Everything changed when I started paying attention to the EXACT calories going into my body each day in order to lose body fat.
Intermittent fasting helps because you eat your first meal several hours after you wake up. During your fasted state, your body is in fat burning mode. You can learn more about how I implement it into my life here.
I just want to stress that it’s something I do, and it’s SO much easier than I ever thought it would be. In fact, it’s easier and more fun than the way I used to eat because it’s less of a headache, not having to track all my meals throughout the day.
It’s so much more fun because I get to eat a HUGE dinner, where I’m not really paying all that much attention to what I’m eating aside from protein. I do make sure to hit my protein goals each day, and if you want to understand how that factors into this calorie deficit equation, you can read this article here. Just scroll down to the section on protein.
Lose 4 – 5 Pounds Per Month
You should definitely expect to lose weight if you follow the calorie deficit calculation above. Since this article is really only about how to eat at a calorie deficit – I didn’t include other things that I do, like walking 10000 steps per day, or how I calculate daily protein intake, which I feel both of these things help speed up weight loss.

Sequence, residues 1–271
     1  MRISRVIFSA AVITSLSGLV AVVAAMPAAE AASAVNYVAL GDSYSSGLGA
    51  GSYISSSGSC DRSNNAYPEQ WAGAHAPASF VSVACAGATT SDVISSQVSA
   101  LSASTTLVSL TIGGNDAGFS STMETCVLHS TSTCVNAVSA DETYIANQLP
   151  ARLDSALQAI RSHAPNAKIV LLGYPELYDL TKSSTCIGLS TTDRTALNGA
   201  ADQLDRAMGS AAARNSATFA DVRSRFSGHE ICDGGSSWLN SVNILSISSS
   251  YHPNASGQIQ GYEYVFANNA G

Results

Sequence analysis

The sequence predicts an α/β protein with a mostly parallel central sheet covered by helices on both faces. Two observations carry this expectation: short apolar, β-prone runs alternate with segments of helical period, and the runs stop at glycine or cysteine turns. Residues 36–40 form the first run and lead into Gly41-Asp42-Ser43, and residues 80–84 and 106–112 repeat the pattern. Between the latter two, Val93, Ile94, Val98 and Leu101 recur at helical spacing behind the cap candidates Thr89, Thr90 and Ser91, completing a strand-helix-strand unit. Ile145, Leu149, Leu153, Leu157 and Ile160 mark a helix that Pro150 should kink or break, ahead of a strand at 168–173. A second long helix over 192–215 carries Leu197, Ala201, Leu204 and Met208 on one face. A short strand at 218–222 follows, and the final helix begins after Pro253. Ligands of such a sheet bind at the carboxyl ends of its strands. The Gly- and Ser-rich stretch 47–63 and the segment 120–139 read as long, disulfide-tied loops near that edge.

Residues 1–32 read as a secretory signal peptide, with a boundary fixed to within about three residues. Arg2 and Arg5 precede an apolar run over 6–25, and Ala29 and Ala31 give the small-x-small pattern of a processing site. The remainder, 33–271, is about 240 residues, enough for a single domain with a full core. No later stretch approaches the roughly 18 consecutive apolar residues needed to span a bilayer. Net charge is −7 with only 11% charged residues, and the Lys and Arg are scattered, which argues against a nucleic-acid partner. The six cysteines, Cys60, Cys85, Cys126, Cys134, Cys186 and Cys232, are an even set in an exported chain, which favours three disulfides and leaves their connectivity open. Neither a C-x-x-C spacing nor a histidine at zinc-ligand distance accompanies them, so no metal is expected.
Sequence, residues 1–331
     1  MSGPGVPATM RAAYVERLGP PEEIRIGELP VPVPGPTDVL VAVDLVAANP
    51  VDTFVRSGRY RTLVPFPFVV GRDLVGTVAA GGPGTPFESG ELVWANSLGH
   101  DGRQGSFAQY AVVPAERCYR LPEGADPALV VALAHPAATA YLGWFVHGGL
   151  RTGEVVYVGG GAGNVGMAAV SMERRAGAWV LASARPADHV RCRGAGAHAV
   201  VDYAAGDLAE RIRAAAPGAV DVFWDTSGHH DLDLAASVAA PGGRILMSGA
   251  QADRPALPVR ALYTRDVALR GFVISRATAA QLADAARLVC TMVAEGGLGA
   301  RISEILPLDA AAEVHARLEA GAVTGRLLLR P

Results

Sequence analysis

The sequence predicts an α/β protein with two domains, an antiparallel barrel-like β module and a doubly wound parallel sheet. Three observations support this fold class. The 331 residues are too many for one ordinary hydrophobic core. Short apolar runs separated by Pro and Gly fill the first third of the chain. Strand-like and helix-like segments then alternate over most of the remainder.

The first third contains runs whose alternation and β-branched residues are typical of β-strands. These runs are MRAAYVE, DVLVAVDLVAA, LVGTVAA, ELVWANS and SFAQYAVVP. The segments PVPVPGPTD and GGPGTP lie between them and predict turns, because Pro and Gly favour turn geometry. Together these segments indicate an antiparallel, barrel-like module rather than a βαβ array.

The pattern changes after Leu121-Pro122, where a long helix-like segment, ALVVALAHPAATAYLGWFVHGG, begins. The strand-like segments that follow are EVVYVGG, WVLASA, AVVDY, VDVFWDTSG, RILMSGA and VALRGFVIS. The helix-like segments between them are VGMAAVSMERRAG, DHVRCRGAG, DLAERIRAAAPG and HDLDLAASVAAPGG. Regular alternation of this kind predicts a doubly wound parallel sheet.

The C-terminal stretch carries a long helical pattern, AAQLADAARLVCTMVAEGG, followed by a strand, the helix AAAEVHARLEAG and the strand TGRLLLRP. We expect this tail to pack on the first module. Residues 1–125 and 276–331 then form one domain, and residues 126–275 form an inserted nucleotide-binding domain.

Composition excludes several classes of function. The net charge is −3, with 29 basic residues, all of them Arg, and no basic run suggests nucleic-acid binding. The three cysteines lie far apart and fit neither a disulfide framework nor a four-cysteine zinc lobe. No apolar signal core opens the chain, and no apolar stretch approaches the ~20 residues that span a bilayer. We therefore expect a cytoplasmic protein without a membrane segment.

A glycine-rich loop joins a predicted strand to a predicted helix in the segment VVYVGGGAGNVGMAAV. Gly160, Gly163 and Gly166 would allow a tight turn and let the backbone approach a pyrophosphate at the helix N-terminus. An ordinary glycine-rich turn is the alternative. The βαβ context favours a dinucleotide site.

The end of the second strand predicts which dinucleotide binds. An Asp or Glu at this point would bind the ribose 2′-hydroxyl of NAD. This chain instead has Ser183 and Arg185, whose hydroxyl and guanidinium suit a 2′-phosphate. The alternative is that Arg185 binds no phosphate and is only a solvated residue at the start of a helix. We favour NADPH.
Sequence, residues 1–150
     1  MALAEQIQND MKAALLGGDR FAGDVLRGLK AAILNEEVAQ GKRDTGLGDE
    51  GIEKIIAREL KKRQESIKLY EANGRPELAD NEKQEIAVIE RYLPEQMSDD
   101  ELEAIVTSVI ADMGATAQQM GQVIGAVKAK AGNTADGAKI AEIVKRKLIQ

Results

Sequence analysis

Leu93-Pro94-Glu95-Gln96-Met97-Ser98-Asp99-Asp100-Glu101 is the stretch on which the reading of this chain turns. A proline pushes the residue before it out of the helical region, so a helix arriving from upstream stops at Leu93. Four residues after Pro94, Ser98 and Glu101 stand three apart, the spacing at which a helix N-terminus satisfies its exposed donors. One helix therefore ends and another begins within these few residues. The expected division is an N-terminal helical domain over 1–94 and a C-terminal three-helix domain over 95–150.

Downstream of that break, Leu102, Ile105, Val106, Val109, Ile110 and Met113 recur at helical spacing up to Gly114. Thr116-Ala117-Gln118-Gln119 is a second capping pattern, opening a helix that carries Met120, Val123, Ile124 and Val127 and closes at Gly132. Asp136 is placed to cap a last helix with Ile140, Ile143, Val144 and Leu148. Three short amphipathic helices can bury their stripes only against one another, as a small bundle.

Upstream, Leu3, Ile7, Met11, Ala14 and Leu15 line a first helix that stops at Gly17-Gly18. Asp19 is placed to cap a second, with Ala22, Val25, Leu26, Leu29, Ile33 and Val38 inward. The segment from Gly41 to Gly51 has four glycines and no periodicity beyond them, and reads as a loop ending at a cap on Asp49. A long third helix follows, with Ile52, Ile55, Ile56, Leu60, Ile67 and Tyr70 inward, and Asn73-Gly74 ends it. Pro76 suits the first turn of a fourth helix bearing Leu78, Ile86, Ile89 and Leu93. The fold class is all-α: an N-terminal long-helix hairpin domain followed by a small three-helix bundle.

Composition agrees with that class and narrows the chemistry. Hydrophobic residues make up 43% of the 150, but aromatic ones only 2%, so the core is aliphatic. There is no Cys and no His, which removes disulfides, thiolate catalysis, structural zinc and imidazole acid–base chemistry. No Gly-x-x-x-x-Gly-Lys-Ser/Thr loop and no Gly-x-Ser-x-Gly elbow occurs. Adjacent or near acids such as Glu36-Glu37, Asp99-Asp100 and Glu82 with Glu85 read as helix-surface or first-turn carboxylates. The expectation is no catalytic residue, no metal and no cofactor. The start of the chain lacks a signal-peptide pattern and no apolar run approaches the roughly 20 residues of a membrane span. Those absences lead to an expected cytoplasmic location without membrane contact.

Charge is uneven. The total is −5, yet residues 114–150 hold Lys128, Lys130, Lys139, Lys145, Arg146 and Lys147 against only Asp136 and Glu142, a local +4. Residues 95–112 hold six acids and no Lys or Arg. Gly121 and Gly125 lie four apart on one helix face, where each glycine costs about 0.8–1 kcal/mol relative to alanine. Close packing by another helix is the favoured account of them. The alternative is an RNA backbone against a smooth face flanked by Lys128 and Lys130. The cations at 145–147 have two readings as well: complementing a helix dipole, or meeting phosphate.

If you don’t want to walk 10000 steps per day, it’s not essential, but I would strongly suggest that if your goal is to burn fat and lose weight, at the very minimum, find out how much protein you should be eating per day, and utilize it with this calorie deficit. It’s very simple to do.
My best friend who weighed 185 pounds, now weighs 160lbs. He doesn’t want to lose any more weight so he no longer eats at a calorie deficit. But everything I’m explaining in this article is how he lost all that weight. BTW – aside from the MyNetDiary app, I will say, having a food scale has helped me tremendously, because I had no idea how much I was actually overeating prior to owning one. You can find one on Amazon for less than $10 and it does wonders, especially if you prefer to cook at home and not eat out. You input the data from your food scale into your MyNetDiary app, and you’re good to go.
If you follow what I’ve taught here, and you want to burn fat and lose weight, I have no doubt you’ll see in one month (assuming you start today) that you’ve lost 4 to 5 pounds.
Calorie Deficit Is Simple
If you’ve gotten this far into the article and you calculate your own calorie deficit, you should be set to start burning fat and losing weight. I didn’t really get into the foods that I suggest eating, but you can read about those here.
There really aren’t any rules. I don’t believe any longer in low carb, low fat, or low anything. Just hit your calorie needs and your protein goals per day, and you’ll be good to start your journey of weight loss.
I hope this article was helpful, and if you have any questions or comments, please let me know and I’d be more than happy to answer them. Thank you!